I said No. The exact words… I cannot remember. There was some dancing around, some sidestepping. I know I told him I was straight (or perhaps I said, I am not gay). Whatever I said, he got the point. Our friendship ended that night, despite the promises to “stay friends,” to “stay normal.” Closet cases cannot recover from such experiences. We cannot face ourselves much less anyone else. And those with our secret… they need to go. It is self-preservation, as primal as the fight-or-flight instinct. Because make no mistake, to be gay is death.

It took a year before I took a second lap around the Spiral. My theater club in college, aptly named No Refund Theatre because all our shows were free, hosted a party every weekend to coincide with our weekly performances. When I joined the club my second day of Freshman year, I believed whole heartedly that I had met a group of people passionate about theater. In fact, they were most interested in drinking, and theater was the excuse. I had not drank since that night with Dan a year earlier, but that did not stop me from going to the cast parties to watch everyone drink.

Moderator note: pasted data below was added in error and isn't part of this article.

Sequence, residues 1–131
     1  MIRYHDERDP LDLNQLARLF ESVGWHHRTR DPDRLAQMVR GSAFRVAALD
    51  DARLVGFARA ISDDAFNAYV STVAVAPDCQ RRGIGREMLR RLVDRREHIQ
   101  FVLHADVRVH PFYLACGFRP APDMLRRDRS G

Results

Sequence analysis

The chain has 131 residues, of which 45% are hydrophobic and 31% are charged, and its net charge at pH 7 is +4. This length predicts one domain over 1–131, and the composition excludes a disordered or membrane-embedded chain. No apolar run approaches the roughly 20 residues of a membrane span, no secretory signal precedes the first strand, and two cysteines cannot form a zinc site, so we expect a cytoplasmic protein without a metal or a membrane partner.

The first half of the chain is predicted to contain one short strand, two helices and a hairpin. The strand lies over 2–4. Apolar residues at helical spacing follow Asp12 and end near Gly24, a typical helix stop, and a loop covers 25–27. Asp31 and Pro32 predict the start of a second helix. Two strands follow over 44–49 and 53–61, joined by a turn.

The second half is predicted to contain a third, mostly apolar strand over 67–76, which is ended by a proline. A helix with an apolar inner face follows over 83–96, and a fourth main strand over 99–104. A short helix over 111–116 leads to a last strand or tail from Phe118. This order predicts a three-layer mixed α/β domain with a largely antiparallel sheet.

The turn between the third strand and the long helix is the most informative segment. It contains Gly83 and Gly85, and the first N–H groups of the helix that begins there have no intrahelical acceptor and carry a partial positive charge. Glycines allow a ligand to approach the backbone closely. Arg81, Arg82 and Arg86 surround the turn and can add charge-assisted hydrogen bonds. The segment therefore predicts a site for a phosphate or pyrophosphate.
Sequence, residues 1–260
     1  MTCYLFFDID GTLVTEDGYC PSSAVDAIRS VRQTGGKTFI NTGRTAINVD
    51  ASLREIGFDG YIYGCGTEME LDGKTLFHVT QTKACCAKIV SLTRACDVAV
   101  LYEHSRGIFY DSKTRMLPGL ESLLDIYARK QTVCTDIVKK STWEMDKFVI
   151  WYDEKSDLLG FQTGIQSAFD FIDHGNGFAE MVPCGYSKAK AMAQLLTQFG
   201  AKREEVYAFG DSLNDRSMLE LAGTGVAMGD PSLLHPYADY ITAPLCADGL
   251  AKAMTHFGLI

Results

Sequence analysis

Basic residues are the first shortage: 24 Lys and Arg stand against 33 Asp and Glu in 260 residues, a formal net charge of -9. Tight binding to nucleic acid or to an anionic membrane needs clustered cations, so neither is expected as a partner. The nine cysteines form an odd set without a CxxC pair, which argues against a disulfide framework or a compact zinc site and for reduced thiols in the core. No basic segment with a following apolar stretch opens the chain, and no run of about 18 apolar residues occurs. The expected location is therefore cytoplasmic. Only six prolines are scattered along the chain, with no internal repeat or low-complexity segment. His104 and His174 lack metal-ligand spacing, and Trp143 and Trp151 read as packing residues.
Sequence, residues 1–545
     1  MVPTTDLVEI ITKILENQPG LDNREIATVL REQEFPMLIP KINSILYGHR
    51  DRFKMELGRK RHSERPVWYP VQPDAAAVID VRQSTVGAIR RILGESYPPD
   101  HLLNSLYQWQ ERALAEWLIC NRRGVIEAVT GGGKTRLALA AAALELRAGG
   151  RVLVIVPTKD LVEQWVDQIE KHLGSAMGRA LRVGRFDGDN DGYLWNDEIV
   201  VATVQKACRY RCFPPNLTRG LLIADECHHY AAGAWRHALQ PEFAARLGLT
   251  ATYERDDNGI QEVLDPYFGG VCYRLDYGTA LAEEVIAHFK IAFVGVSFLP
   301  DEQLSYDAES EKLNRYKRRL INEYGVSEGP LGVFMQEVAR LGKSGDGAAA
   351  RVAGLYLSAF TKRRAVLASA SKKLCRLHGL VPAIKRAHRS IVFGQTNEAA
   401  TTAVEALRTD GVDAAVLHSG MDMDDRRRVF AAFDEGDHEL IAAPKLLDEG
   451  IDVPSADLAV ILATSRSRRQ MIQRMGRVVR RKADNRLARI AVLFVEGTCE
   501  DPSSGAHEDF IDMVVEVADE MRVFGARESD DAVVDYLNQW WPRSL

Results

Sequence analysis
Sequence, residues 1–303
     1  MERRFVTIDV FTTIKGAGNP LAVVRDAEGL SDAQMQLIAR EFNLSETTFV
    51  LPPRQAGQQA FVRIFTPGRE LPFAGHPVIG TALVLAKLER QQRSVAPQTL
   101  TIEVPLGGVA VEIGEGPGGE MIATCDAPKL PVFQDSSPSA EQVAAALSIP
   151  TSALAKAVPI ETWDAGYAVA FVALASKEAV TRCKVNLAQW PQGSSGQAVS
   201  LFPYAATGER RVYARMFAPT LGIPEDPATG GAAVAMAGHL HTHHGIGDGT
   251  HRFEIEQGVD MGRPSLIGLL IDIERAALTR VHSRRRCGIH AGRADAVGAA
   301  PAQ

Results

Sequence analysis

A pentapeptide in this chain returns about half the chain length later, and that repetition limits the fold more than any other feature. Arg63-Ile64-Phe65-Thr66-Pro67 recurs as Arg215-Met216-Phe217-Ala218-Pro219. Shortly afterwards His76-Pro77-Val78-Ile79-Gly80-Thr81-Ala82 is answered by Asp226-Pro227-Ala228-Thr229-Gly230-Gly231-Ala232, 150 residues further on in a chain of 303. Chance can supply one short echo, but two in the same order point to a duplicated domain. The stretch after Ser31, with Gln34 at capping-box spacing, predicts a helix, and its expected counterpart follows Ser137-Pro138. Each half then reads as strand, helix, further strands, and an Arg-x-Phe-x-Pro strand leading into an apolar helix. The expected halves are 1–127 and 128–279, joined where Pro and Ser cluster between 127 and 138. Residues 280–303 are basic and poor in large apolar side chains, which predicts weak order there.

I did not know Oliver, but I knew of him through a fellow No Refund Thespian. Oliver partook in the booze provided at the parties and insinuated himself around, gliding on sure feet and a swimmer’s demeanor. His voice hovered in a register between distinguishable ages, and his eyes changed color on a daily basis from varied contact lenses. I did not like him right away, and that was his intention. This was Freshman year at a college 50,000 students deep – he did not need to make the life-long friends yet, just the acquaintances to keep him entertained. He had a way of talking to someone just long enough to make an impression and escaping before the real connection was made. And his strategy seemed clear to me from the get go: clipped, broad conversation and repeated physical touch.I think he enjoyed keeping people at arm’s length. Be a myth, not a man. And it worked: Everyone knew of him, but no one knew him.